Add ‘nduja and, using a wooden spoon, break it into pieces and stir vigorously to combine with shallots and garlic. Continue to cook, stirring frequently, until fat from ‘nduja separates, and shallots and garlic are stained red and fully coated with ‘nduja, 3 to 5 minutes longer.

Add beans. Use wooden spoon to crush roughly 1/4 of the beans against sides and bottom of the pan. Stir until beans are fully incorporated and coated in ‘nduja-shallot mixture.

Add chicken stock, season lightly with salt, and bring to a simmer. Cook, stirring occasionally, until thickened to a creamy, stew-like consistency, with some beans just poking out on the surface, about 15 minutes.

Add kale, and stir to incorporate and very lightly wilt the greens, about 30 seconds. Remove from heat, stir in lemon juice, and season to taste with salt.

For the Gremolata Breadcrumbs: While the beans simmer, combine oil and breadcrumbs in medium skillet, and cook over medium-low heat, stirring occasionally, until toasted and golden brown, 5 to 7 minutes. Add parsley and lemon zest, season lightly with salt, stir to combine, and continue to cook until parsley begins to sizzle and mixture is very fragrant of citrus, 30 seconds to 1 minute. Transfer breadcrumb mixture to small bowl and set aside until you are ready to serve.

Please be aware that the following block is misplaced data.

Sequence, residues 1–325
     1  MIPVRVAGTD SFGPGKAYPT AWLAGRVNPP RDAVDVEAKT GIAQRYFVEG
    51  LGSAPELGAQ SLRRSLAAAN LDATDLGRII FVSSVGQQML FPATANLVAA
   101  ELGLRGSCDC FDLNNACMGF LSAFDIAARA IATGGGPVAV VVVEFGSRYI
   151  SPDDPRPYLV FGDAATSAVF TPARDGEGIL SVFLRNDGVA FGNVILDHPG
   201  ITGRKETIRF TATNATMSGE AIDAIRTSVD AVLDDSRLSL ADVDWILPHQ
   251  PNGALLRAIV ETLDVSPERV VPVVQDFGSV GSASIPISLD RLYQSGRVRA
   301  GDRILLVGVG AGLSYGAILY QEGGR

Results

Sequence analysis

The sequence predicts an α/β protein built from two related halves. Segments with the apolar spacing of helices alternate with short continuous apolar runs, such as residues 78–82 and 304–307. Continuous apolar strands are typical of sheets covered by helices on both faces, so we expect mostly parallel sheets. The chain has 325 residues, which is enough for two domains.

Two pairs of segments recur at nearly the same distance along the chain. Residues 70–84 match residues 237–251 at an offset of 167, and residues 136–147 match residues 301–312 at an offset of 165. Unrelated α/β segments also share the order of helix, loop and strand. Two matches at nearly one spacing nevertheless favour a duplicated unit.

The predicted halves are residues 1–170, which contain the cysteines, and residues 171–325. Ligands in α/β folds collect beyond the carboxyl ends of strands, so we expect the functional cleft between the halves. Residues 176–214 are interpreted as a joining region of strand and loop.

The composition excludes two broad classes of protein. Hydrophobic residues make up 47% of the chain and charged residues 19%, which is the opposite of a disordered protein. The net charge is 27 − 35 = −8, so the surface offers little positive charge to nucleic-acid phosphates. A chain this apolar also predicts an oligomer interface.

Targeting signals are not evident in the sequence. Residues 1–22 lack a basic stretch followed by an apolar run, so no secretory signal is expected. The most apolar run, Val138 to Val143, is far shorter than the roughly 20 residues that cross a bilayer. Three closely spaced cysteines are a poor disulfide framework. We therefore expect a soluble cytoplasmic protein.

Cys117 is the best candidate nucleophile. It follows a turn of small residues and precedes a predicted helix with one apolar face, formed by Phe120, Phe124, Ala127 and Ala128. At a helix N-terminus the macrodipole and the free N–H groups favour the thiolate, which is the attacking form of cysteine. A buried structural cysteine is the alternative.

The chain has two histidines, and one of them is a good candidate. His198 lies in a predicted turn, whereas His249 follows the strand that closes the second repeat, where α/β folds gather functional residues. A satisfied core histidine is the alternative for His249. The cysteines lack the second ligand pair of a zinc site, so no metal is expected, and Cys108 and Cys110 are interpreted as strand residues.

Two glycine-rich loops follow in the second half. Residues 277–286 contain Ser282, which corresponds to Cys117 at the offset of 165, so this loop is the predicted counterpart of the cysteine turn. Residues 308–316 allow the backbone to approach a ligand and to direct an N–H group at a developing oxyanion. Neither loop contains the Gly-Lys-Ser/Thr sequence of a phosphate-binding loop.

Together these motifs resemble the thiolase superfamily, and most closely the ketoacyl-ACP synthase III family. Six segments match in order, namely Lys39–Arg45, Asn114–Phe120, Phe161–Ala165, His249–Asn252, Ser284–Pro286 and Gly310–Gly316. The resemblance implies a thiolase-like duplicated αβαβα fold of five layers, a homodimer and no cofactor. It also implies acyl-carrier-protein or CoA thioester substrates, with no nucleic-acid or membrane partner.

For Serving: Divide beans between individual serving bowls and sprinkle with gremolata breadcrumbs. Serve immediately, passing more breadcrumbs at the table.

Sopa de Ajo (Basque Garlic Soup)

4 ounces high-quality baguette
1/2 cup olive oil, divided
1 garlic head (about 12 cloves), peeled and finely chopped
1 heaping tablespoon Pimentón de la Vera (smoked Spanish paprika)
8 cups homemade or low-sodium chicken broth
2 teaspoons kosher salt, plus more to taste
2 tablespoons sherry vinegar
3 large eggs, beaten

Preheat oven to 450°F. Place baguette on a baking sheet, and toast in preheated oven until very browned and almost burnt, 20 to 25 minutes. Remove from oven, and let cool. Break or slice bread into 2-inch pieces.

Heat 7 tablespoons oil in a large pot over medium-high. Add bread pieces, and reduce heat to medium. Cook, turning often to allow bread to toast and soak up oil, until golden brown, about 2 minutes. Remove bread, and set aside. Wipe pot clean.